How do we know that these schemes aren't being used as parliament intended?

    After all don't you have to have the sort of money a millionaire cabinet minister might have to make the most of these schemes?

  13. 1850,

    Sorry, I've just re-read your question and I now realise that you did mean exactly the question as written.

    This is very much like the point I've often tried to articulate. While I think it unlikely that very many tax law loopholes are deliberately left open because MPs/Ministers wish to exploit them in their own tax affairs, it is a fact that they are heavily lobbied by businesses and individuals who wish to see loopholes remain open.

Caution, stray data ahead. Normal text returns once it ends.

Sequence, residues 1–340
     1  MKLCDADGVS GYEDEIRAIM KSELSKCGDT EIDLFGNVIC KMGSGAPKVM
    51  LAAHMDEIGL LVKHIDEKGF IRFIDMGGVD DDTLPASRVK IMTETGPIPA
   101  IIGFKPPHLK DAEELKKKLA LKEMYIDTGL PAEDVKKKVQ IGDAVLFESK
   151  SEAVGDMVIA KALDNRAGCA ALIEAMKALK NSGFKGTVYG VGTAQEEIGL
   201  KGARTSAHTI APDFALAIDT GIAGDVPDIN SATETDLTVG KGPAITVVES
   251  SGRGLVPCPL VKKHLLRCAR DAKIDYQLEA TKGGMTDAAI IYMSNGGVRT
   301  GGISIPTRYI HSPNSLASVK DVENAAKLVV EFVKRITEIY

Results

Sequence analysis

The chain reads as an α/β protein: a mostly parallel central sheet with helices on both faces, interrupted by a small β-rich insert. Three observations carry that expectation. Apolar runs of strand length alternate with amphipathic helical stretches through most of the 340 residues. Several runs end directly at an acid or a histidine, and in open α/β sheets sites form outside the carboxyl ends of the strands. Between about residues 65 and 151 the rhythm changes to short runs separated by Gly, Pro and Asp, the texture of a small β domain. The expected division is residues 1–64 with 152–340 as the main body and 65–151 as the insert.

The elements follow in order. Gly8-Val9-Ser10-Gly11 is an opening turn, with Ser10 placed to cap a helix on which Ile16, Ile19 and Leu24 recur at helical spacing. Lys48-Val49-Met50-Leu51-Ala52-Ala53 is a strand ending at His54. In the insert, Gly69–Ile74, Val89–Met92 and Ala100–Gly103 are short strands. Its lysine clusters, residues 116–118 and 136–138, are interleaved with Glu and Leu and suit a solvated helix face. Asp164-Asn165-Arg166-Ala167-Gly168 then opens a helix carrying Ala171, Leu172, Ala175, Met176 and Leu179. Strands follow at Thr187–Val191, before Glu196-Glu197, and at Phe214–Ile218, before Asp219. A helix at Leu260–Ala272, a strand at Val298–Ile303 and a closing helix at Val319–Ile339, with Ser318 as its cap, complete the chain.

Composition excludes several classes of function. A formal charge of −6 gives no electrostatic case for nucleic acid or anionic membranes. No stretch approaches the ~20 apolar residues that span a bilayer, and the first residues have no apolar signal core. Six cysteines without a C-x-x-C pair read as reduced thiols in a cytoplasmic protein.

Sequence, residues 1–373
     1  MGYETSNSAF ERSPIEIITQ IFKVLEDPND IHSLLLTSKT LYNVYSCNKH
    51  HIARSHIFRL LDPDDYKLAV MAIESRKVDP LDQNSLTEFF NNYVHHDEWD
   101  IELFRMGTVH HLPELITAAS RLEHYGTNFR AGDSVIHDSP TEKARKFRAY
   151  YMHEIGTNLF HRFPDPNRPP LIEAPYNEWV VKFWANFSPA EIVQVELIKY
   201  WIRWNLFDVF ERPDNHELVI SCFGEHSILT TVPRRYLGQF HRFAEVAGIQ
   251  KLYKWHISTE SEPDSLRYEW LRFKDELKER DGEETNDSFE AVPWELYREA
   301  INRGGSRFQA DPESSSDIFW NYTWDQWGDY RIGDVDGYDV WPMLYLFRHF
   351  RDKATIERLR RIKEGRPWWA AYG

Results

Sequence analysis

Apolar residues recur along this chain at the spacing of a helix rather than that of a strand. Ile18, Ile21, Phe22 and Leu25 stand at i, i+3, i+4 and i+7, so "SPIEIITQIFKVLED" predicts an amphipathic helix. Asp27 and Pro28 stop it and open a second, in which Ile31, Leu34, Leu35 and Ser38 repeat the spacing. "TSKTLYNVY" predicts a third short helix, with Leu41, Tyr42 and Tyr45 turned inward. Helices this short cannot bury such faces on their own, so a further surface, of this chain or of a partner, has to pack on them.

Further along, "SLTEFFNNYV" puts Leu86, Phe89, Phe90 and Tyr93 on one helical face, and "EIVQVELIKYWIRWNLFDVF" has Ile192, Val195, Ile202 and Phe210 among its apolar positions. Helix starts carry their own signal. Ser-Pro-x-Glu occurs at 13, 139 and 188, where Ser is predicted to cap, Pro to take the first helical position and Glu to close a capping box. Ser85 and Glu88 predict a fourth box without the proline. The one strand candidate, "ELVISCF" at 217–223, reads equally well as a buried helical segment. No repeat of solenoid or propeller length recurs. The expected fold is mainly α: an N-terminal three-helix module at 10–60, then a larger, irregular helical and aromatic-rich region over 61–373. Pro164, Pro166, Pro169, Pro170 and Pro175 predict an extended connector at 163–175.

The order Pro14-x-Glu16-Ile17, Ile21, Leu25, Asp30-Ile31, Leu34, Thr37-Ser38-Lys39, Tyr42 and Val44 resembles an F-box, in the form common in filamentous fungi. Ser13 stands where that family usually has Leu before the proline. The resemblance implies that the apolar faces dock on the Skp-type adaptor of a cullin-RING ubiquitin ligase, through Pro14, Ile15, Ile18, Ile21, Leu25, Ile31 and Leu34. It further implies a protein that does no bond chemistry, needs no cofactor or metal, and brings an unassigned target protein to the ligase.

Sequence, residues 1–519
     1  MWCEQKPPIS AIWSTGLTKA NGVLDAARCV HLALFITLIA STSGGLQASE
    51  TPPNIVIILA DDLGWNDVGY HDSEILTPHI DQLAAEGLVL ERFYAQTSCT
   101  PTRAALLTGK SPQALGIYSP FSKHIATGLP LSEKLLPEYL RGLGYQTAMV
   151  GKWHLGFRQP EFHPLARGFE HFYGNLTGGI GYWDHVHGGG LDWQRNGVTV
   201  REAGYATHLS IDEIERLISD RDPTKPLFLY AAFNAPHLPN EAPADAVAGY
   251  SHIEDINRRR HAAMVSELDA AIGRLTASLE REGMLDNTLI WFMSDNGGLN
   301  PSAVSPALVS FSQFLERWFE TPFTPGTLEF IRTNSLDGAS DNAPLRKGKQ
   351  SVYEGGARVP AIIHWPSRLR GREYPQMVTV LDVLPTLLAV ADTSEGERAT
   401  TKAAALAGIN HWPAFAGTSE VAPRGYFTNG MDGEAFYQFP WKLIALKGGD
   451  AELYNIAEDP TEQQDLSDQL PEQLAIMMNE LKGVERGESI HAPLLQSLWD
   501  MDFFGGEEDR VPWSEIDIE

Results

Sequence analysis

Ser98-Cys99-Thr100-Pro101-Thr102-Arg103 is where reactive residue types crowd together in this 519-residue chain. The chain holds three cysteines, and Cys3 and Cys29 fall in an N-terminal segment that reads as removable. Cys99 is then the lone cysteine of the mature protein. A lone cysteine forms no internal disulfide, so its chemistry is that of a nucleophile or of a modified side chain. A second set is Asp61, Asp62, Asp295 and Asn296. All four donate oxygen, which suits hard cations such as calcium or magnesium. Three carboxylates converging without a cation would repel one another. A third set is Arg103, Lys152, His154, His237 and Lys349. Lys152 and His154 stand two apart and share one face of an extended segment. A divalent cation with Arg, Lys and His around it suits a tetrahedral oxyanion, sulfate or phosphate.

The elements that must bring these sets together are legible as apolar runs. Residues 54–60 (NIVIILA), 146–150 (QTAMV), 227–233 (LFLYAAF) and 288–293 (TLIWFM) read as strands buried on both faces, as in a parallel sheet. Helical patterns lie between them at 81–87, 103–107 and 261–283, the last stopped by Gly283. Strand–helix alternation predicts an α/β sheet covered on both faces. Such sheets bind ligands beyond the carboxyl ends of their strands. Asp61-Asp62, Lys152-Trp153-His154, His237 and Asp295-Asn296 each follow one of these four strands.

MPs/Ministers are undoubtedly influenced by this and yes, it could therefore perhaps be said that they sometimes intend these schemes to work. However I think, perhaps more significantly, a lack of understanding among politicians is to blame (again it's cock-up rather than conspiracy), partly because of the complexity of the tax system, but also because lobbyists will present heavily spun versions of why a particular loophole should exist ("e.g. changing W will destroy X part of the economy; Y exemption will help small businesses but not those in Z circumstances" - lo and behold, some in Z circumstances miraculously find a way to benefit too...).